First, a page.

Why It's Easier for Me to Talk About My Anxiety Than My Depression

So let me explain.

I don’t know about anyone else, but for me, it’s easier to tell people I have anxiety than depression.

Anxiety is a feeling everyone can relate to. It’s something I believe we have all experienced in life. Whether you are anxious about an upcoming exam or starting a new job, it’s the fear of the unknown that causes us to experience this. People tell me all the time that they have anxiety. This makes it easier for me to share that I also struggle with it. However, I often wonder if they have anxiety or an anxiety disorder, as they are two very different things.

Most people’s anxiety goes away after their uncertainty is cleared up, but for those with anxiety disorders, it’s a whole other story. These people (like myself) experience constant worry, usually over small events. The worrying and fear can cause me to get physically ill, which usually involves stomach cramps and throwing up. Sometimes I curl up in a ball and cry while I start to sweat and my heart rate drastically increases.

Granted these to do pass, but it’s the intensity and inability to function day to day that makes the difference. So when people say they have anxiety, I often wonder if, like me, they take medication every day to be able to go out and live life, or do they just feel anxious on occasion?

Anyway, back to my original point. Anxiety is relatable. Everyone has experienced it in some way. When you tell someone you have anxiety, I believe it’s easier for them to understand. They look at you and you can tell that they understand the feeling you are going through. When you tell someone you have depression, I often see people become silent and don’t know how to respond. One of the main reasons is because it’s harder to relate, because not everybody experiences it. Most people equate it to feeling sad, but it is so much more than that. Depression is not sadness. While depressed one may experience sadness, but that is not the only emotion they feel. It can also manifest as anger and annoyance at very small things. It can manifest as lying in bed all day, not being able to move. A wave of hopelessness washes over you. It can tell you awful things about yourself — things you actually believe. It can make you feel so unloved and worthless that you don’t even want to live anymore. It’s something only those who have experienced it themselves can relate to.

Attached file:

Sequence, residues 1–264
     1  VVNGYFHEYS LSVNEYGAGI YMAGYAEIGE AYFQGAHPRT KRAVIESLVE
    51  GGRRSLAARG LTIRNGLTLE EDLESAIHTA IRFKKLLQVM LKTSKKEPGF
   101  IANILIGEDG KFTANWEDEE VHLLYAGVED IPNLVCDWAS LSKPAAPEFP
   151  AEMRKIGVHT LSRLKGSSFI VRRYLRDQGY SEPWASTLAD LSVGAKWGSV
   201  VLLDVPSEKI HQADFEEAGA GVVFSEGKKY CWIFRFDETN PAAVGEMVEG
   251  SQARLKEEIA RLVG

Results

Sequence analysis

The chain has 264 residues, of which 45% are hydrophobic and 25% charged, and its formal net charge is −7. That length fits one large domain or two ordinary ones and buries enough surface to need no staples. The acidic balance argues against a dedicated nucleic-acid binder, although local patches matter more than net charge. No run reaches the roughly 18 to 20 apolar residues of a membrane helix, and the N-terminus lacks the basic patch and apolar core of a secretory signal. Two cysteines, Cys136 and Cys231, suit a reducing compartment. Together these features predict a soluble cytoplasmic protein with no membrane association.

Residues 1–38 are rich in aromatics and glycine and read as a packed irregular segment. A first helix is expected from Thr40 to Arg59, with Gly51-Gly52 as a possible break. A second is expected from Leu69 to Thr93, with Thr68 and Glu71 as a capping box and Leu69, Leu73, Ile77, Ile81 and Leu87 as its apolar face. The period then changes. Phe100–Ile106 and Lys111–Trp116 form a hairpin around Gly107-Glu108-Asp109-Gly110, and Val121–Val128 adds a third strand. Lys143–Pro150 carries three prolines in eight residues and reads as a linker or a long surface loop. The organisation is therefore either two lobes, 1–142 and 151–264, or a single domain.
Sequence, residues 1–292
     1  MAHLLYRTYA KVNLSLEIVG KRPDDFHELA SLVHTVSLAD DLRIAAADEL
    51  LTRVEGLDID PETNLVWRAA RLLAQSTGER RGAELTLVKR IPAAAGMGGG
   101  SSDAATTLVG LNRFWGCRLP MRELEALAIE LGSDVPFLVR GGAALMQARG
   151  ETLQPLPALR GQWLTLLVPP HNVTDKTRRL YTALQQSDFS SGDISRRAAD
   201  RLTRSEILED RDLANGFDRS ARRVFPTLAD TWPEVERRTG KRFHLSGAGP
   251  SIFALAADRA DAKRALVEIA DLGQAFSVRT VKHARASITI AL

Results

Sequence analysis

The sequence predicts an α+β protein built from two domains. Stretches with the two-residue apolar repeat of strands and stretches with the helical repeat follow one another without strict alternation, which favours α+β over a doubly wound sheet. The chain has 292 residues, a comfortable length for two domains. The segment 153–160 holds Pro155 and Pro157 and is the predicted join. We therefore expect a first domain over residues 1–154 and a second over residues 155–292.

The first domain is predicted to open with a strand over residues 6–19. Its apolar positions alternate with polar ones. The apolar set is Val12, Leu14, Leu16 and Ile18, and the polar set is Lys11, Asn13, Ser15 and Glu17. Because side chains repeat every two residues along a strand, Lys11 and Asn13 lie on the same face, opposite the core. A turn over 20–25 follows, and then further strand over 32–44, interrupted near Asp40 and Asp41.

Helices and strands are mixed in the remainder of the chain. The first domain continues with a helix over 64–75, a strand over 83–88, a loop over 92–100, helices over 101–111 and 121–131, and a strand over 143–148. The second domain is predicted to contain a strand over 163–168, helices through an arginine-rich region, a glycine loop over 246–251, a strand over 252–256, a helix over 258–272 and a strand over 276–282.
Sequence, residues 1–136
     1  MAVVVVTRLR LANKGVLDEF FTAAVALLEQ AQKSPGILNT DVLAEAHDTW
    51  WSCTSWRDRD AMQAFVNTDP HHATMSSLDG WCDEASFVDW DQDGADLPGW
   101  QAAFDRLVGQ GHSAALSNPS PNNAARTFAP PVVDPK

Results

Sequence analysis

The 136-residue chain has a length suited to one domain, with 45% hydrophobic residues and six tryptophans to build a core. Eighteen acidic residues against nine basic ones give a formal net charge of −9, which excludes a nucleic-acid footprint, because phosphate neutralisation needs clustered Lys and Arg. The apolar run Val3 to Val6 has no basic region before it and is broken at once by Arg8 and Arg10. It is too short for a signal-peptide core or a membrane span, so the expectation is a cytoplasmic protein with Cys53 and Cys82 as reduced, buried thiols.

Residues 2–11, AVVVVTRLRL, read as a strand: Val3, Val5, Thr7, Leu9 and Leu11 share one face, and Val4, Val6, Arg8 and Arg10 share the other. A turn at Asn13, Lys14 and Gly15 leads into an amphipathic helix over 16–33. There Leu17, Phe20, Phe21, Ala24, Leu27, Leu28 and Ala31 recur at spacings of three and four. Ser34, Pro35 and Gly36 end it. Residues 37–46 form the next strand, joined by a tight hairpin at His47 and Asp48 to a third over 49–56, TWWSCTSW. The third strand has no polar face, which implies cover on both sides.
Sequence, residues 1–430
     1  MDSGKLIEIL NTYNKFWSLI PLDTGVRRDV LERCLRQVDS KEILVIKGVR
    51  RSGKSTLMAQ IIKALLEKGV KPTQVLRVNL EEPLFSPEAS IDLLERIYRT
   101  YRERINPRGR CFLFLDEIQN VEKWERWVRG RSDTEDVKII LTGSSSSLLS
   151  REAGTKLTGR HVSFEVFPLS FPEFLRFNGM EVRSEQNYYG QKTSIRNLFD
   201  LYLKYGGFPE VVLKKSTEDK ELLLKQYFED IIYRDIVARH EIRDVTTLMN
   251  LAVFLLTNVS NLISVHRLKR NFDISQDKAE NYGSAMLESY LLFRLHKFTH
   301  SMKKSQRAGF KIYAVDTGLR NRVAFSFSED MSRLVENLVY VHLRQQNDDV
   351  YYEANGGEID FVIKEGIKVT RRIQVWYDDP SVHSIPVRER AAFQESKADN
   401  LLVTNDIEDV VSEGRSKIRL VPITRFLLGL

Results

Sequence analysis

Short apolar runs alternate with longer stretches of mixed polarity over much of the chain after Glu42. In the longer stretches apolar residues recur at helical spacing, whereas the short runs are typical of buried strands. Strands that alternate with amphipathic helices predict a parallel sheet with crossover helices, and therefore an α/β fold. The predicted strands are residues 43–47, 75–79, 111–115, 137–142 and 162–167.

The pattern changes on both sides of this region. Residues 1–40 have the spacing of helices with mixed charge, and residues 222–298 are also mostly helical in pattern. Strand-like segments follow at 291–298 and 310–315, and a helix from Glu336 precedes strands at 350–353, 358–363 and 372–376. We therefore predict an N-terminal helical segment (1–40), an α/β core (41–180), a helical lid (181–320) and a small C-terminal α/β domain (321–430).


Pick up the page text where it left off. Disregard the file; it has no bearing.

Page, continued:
So I often keep it to myself, as most people do not understand the darkness that can consume me. They don’t understand how I can be OK one minute, and then I can’t get out of bed for days. Many know I live with anxiety, but only a few very close friends and family members also know I live with depression. It’s just the way it is.

If you or someone you know needs help, visit our suicide prevention resources page.

If you need support right now, call the National Suicide Prevention Lifeline at 1-800-273-8255, the Trevor Project at 1-866-488-7386 or text “HOME” to 741-741. Head here for a list of crisis centers around the world.

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Thinkstock photo via rilueda

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